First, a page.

On the first day of May in 2000, I wanted to die. That day I wasn’t living – I was surviving. I was suffocating. I was self-medicating. I was in pain – the kind of pain I hope to never forget – and experiencing the kind of hopelessness not many people can or will ever understand.
Alcohol was my best friend and constant companion. The moment I drank him in, I knew that nothing else would ever feel as incredible. I was fifteen the first time we spent the night together.
He immediately invited me into his world, and I felt like an awestruck Dorthy in Oz by how brave and powerful I could be in his presence. He made me feel brilliant and beautiful.
When I was seventeen, he made me a mother.
I only saw him at night, because I didn’t want to be an alcoholic, but I thought of him often throughout my days. Sometimes it felt like I was holding my breath until I could solidify plans to see him again.
I put up with people I didn’t want to in order to spend time with Alcohol. I started hanging out with only people who admired him as much as I did, and simply outgrew those who wished to limit themselves. I began to justify leaving my daughter every night of the week so I could be with him.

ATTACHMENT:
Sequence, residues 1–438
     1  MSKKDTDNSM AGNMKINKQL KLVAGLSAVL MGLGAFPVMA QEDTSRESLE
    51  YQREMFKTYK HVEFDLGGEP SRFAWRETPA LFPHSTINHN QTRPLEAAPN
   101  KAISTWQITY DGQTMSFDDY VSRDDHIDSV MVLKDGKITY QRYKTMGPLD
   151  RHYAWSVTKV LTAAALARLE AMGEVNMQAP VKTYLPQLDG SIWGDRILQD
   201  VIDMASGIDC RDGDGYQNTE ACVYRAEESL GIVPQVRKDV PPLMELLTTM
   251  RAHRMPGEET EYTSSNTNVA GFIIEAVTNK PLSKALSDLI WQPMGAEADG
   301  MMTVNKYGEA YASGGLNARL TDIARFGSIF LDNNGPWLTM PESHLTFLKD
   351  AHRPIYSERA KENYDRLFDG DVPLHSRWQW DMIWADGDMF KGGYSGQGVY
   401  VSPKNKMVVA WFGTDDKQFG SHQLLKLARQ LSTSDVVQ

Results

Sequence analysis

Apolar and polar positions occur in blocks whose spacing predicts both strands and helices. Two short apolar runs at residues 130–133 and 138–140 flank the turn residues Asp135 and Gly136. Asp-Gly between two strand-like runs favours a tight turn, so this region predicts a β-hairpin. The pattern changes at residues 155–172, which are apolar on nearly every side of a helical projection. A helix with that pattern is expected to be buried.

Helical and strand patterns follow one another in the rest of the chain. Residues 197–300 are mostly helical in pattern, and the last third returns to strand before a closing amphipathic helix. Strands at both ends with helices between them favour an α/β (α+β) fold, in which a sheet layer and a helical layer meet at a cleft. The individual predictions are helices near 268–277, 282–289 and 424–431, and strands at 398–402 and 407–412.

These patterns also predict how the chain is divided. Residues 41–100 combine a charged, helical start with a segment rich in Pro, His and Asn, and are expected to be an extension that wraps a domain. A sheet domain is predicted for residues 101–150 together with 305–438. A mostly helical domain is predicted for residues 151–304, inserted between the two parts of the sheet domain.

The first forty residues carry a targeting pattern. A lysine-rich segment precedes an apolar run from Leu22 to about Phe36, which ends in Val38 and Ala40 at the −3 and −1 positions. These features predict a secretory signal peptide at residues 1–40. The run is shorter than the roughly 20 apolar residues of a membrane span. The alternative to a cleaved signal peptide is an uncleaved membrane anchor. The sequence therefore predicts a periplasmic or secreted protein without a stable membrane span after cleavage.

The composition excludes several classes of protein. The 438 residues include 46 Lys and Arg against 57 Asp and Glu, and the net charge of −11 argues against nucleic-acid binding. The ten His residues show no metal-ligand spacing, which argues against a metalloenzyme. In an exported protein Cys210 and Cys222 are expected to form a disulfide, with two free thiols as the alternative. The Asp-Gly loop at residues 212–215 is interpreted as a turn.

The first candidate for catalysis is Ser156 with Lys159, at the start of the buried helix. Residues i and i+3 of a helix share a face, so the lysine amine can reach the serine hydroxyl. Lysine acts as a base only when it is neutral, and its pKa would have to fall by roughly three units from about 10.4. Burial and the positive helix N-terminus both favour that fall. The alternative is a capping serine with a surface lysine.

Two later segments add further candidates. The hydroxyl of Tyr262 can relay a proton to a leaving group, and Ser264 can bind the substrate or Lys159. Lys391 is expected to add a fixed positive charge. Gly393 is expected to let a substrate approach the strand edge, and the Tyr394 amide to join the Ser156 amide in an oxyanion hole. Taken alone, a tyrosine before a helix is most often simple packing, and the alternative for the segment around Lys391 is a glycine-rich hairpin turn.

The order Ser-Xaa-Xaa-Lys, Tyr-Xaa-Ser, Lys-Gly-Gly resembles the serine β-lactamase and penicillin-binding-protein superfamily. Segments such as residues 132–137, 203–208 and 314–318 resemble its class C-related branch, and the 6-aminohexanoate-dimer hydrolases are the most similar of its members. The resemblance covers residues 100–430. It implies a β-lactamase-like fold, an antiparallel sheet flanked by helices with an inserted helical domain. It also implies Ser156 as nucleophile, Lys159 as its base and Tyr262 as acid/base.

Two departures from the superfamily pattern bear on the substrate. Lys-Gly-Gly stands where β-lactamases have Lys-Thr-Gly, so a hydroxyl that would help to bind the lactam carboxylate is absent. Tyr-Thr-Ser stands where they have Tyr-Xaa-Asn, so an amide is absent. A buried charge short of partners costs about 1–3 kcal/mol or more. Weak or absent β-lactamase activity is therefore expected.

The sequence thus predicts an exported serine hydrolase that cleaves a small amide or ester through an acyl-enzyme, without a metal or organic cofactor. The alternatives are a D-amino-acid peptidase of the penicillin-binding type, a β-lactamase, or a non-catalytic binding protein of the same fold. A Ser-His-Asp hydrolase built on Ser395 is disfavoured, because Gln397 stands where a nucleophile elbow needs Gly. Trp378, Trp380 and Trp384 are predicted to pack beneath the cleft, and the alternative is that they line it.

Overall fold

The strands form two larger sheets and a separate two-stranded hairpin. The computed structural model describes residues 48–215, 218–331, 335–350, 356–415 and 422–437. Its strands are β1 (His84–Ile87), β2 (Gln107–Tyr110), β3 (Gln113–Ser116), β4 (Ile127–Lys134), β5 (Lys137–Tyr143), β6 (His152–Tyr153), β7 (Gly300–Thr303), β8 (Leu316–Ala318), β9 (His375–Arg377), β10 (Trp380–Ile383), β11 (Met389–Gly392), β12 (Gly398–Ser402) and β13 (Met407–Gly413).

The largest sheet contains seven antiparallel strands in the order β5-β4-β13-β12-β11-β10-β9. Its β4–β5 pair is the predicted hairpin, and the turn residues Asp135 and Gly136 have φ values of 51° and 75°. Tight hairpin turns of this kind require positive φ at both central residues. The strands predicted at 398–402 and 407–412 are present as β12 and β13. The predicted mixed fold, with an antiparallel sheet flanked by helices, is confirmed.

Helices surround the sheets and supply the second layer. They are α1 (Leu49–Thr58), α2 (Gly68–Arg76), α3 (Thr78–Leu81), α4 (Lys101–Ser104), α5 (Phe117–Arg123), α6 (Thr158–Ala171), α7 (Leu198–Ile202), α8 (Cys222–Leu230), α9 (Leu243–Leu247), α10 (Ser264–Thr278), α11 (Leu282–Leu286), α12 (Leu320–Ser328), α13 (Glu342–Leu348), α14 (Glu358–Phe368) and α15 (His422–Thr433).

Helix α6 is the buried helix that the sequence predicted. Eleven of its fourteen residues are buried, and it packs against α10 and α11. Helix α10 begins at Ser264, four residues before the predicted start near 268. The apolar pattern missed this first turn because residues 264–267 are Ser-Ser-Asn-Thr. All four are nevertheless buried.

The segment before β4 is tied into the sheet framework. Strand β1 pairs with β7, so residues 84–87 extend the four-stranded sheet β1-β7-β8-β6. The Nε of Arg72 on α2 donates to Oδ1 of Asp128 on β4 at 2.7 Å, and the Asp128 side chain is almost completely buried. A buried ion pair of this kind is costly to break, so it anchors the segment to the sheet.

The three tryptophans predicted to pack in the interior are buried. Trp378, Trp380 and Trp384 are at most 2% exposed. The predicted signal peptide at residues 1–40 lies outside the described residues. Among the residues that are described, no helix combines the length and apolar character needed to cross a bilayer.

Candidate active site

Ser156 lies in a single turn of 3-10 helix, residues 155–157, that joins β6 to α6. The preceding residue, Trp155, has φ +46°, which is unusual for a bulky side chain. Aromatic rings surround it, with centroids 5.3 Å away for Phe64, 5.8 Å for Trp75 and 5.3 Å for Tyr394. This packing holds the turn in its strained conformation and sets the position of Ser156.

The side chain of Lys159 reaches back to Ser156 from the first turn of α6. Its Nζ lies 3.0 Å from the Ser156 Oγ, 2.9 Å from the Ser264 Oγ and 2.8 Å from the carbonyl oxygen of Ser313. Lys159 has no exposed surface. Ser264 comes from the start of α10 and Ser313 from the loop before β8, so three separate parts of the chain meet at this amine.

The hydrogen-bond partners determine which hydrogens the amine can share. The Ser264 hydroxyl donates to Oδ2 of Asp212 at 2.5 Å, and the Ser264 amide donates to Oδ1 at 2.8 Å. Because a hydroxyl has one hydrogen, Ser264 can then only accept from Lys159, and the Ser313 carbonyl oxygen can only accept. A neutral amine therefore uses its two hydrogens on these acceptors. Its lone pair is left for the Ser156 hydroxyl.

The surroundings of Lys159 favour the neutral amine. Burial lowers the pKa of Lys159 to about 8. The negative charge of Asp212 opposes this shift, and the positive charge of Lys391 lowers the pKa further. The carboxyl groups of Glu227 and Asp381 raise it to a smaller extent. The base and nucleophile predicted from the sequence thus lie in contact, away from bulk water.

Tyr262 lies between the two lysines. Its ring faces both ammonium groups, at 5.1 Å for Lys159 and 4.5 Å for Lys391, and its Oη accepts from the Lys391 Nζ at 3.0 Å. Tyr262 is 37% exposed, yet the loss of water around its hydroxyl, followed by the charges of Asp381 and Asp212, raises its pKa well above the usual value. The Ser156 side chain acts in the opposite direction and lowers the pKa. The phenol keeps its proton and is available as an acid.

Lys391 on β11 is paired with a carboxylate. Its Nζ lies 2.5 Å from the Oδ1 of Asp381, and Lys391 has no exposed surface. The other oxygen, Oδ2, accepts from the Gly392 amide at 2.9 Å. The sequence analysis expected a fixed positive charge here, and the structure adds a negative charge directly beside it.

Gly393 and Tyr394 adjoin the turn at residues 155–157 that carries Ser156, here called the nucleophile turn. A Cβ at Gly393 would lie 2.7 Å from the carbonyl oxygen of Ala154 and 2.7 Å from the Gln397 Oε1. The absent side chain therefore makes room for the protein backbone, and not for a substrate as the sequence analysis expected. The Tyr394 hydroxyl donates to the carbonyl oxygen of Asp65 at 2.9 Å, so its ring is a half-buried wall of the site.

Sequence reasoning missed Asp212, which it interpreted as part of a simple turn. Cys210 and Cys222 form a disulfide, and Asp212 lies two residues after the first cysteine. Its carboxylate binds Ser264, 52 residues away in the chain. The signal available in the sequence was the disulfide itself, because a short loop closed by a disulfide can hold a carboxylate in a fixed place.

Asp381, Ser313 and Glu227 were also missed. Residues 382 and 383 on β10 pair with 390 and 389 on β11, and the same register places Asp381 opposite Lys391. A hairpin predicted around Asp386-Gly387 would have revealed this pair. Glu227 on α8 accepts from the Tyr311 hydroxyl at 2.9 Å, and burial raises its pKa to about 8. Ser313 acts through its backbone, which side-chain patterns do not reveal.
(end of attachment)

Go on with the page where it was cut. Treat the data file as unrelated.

Some people didn’t understand this shift, and “worried” about me – my ability to be a good mother. Alcohol assured me I didn’t need those people. He believed they were all holding me back.
He believed in me.
Slowly, but surely, Alcohol made his way inside my strong-willed and stubborn mind. He befriended all of my insecurities, and nestled himself right between my feelings of intense fear and comfort.
He began to isolate me – to shield me – from the world, and it made perfect sense that he was just trying to protect me. After all, Alcohol and I had been together long enough, and he had witnessed the ways in which my family and friends treated me.